Anyway, I’m not feeling homesick; just missing the act of having long conversations with people back home. It is strange to not have the traditional network of people around me. I am still not used to completely relying on myself to keep my spirit high. Whenever I feel at all down, I just think about how awesome my opportunities are, and that gets me through the moodiness.

Alrighty – that’s it for now! More stuff coming your way soon J

Bend it like Beckham…or the Bubis.

Some videos I took of the hired locals playing their daily soccer games, which were so fun to watch. The natural athletic talent was oustanding – the first video is a clip of the daily soccer game, while the second video is a clip from the large, full-length match that was played out on the beach on the last day of the expedition. Every local participated – the cook was the goalie and the boat driver the referee. Anyway, it was a good time :-)



The Bubis of Bioko Island: Not body parts…people.

Just a quick post to let you guys know about a great, great resource that’s available on the web. If you are interested in knowing more about the indigenous culture and people on Bioko Island, definitely check out The Bubis on Fernando Po. The website offers a complete online copy of the writings of Father Antonio Aymemi (a missionary on Bioko Island from 1894 to 1942) and his interactions with the Bubi tribe (pronounced like two round, female, body parts), which  are the indigenous people of this island (where I am currently living and working).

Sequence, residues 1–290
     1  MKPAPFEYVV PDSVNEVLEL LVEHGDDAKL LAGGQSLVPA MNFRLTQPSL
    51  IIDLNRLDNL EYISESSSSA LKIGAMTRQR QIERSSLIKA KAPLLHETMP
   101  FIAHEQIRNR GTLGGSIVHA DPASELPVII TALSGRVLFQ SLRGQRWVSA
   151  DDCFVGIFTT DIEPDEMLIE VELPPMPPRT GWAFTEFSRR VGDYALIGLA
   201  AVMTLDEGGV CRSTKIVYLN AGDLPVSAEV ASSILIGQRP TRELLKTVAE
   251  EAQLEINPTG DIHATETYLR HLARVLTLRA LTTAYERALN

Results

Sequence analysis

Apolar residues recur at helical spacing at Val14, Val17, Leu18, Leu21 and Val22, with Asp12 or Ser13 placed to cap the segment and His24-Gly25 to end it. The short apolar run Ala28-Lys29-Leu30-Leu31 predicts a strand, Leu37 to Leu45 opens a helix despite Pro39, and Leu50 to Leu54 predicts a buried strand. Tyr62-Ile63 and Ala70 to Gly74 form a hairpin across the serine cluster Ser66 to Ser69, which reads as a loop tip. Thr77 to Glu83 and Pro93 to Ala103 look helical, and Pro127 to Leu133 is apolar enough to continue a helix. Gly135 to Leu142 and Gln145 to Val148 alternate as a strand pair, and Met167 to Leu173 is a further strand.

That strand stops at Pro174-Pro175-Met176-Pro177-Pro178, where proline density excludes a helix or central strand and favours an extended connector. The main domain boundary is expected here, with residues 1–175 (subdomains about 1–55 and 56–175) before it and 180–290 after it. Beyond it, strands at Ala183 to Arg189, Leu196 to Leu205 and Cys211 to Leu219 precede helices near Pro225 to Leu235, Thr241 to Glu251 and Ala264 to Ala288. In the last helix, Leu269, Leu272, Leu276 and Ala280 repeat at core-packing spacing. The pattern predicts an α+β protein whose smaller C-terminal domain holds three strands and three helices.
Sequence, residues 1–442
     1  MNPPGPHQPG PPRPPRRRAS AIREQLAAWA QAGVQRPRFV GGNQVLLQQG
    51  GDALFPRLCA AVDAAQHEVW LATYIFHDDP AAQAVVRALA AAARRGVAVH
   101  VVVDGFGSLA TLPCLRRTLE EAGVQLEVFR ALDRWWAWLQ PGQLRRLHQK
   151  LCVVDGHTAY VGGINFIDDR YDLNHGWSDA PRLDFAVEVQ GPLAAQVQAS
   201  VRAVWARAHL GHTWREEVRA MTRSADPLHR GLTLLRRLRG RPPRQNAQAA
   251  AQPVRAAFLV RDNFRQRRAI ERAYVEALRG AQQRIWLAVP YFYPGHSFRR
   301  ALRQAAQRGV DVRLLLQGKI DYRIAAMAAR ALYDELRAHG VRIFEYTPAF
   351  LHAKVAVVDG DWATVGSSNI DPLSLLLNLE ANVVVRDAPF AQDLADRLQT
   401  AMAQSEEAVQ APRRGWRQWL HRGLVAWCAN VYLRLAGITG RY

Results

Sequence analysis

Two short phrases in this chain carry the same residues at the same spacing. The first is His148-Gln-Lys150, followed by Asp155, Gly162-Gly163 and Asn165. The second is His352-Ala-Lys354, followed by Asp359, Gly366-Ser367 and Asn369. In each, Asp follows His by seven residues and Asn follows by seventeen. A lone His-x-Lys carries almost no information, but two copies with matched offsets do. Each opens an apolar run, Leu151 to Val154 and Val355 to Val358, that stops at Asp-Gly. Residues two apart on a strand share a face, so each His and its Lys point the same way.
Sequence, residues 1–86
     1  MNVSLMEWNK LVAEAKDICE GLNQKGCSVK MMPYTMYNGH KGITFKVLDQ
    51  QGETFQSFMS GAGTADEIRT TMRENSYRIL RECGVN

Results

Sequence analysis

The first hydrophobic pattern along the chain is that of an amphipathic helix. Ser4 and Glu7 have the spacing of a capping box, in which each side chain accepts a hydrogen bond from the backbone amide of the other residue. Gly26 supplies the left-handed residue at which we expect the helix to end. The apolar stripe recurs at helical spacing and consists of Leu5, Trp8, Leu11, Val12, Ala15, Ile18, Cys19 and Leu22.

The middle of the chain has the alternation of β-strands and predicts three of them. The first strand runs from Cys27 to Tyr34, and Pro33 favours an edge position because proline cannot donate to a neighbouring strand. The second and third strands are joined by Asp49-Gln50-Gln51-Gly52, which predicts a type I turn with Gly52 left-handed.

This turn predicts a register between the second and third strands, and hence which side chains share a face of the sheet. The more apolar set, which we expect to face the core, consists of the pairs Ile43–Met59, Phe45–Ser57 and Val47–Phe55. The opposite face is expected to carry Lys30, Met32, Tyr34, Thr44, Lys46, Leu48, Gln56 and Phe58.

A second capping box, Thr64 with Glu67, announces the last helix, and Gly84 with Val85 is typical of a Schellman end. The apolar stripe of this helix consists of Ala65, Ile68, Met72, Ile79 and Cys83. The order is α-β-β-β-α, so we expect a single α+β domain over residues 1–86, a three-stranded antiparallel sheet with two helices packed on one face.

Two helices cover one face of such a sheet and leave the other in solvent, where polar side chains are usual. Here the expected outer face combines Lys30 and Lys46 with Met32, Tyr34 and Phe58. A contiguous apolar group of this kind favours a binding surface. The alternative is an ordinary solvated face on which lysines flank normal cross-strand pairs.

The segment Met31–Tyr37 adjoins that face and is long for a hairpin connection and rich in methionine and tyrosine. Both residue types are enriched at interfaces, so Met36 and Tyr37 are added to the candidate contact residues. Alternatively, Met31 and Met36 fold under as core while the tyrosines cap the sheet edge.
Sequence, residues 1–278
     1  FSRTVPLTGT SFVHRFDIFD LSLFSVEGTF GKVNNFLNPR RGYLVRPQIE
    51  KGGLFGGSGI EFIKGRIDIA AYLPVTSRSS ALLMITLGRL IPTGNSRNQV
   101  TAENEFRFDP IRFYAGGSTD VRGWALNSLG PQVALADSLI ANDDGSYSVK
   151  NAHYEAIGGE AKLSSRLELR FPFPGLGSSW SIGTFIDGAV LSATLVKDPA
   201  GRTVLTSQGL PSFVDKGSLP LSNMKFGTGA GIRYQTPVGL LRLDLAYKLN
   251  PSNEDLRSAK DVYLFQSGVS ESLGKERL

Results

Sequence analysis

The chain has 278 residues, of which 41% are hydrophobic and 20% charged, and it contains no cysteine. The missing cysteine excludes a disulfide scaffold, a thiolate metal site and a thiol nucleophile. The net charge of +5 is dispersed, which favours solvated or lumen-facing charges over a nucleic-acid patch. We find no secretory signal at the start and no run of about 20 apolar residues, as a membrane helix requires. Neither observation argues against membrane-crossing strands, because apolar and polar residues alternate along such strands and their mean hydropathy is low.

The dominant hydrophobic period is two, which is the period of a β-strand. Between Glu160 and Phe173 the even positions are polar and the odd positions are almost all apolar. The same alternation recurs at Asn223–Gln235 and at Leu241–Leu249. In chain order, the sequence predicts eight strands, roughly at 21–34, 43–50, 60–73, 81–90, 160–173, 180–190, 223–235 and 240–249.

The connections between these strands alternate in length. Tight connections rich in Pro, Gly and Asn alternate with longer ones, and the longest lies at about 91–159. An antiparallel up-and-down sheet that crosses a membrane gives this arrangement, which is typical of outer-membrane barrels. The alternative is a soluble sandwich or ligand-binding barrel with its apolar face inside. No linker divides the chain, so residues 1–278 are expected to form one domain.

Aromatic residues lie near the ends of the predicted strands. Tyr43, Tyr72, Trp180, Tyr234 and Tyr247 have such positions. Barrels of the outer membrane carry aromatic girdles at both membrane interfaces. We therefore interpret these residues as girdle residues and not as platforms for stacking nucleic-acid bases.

I learned about this resource from an exhibition team-member, who is a journalist-turned-anthropologist interested in doing her research on this tribe. She first learned about the Bubis when she was on assignment, and this initial contact propelled her to translate Father Antonio Aymemi’s book, and focus her Master’s thesis on the interactions of the Bubi people with foreigners.

Anyway, for those of you interested, her website ( has a free copy of the book, and is a great read. I’m sure she would appreciate any emails (questions, comments, thoughts, etc.) – right now she jokes that most of her internet traffic is probably the result of thirteen year-old boys on the search for more scandalous material :-)